The Associated Press/US News reports that the family of a boy who died from carbon monoxide poisoning at a North Carolina Best Western hotel has settled a wrongful death lawsuit for $12 million, which includes separate claims by the boy's mother, who was seriously injured, and included settlement with other parties. The death allegedly occurred as a result of a leak from a defective pool heater that may have caused the deaths of other individuals in the room about six weeks before.
Carbon monoxide (CO) is a colorless, odorless gas that can easily go undetected and can cause serious injury or death. It results from the burning of gas, charcoal, and other fuels, and defects in home heating systems can result in leaks of the gas into living areas of homes, apartments, and hotels and motels. But it is also produced by many common items and appliances, including water heaters, cars, space heaters, grills, stoves, generators, and other products that burn fuel of some type. Carbon monoxide detectors are commonly available.
Carbon monoxide is harmful because it displaces oxygen in the blood, depriving the brain and other organs of the necessary means to function properly. The Mayo Clinic reports that symptoms include
- Dull headache
- Nausea or vomiting
- Shortness of breath
- Blurred vision
- Loss of consciousness
The Centers for Disease Control in Atlanta (CDC) provides educational materials on its web site about the dangers of carbon monoxide poisoning. CDC statistics reveal 5,491 total deaths, an average of 450 deaths per year, in the United States from 1999 through 2010. The death rate was approximately three times as high for men as for women. In a separate article, the CDC reports on six carbon monoxide deaths, in two separate incidents caused by a propane stove and a gas grill, that occurred in southeast and central Georgia while the victims were camping. But the report notes that most victims are located in cars or residences.
In Georgia, an injury or death resulting from carbon monoxide poisoning may give rise to a personal injury or wrongful death claim. If the injury or death occurs on the premises of another person or corporation (or other entity), Georgia law may allow a claim for premises liability, which requires showing that the property owner (or occupier) had knowledge of the dangerous condition leading to the leakage of carbon monoxide, and that the person injured or killed did not have that knowledge. Knowledge, under Georgia premises liability law, does not have be be actual knowledge, however, and under certain circumstances the court will deem someone to have “constructive” knowledge if they should have known about the dangerous condition leading to the injury, which can sometimes be proven through evidence of the failure to properly inspect the property or based on other circumstances from which the property owner should have discovered the hazard.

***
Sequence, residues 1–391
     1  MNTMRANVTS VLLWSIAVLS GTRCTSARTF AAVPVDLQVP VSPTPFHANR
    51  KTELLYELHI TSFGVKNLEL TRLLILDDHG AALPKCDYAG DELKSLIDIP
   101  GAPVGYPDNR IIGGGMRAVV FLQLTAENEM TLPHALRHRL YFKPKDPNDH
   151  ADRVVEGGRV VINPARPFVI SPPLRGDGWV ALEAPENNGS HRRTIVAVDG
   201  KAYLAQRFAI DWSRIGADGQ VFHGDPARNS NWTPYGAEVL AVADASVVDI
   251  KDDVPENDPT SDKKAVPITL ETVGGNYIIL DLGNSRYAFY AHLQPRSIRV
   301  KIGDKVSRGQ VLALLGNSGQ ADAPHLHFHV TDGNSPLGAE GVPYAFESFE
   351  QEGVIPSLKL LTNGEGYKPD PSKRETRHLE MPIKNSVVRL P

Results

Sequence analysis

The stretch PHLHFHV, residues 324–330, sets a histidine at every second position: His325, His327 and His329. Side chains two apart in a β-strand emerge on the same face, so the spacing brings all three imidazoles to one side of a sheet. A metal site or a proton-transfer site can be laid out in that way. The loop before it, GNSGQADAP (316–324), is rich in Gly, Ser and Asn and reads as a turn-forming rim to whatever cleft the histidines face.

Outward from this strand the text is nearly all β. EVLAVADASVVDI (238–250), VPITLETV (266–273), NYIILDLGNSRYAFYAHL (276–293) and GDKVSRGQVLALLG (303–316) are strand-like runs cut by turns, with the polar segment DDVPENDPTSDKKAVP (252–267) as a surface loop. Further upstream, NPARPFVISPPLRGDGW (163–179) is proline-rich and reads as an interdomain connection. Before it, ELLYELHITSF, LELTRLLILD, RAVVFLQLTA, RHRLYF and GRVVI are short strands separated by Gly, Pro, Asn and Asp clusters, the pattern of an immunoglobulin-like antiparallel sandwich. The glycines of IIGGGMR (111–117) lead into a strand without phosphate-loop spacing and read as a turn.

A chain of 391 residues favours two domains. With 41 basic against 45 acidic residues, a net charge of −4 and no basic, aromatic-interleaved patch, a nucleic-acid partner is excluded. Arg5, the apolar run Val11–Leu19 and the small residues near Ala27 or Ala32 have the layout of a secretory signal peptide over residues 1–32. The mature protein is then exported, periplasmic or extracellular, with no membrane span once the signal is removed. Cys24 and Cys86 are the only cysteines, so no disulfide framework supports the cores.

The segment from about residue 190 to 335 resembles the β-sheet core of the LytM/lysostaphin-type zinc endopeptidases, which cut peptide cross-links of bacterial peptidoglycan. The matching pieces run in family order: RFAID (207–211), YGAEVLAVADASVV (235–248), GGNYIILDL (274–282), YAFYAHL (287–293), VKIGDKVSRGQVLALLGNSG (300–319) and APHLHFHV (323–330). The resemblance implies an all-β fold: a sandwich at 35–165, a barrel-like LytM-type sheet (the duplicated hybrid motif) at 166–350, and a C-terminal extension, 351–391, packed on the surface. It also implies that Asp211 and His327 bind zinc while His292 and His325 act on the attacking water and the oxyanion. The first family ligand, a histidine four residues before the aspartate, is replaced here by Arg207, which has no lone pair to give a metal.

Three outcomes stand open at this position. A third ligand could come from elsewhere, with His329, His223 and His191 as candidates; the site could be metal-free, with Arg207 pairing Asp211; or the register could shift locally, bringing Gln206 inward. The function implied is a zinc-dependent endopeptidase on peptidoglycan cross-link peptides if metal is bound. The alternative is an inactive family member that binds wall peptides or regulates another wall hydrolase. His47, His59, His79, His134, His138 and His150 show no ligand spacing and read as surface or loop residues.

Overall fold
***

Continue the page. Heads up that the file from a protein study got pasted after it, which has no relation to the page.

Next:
If a defective product leads to the injury or death, Georgia law may also allow for a product liability claim against the manufacturer of the defective product, or sometimes the seller. This area of law is complex, but Georgia law allows, in appropriate cases, for product liability claims arising from defective design, defective manufacture or construction, and negligent failure to warn. Under the latter theory, a manufacturer may be liable if there is a known risk of danger or death and it fails to properly warn users of that danger.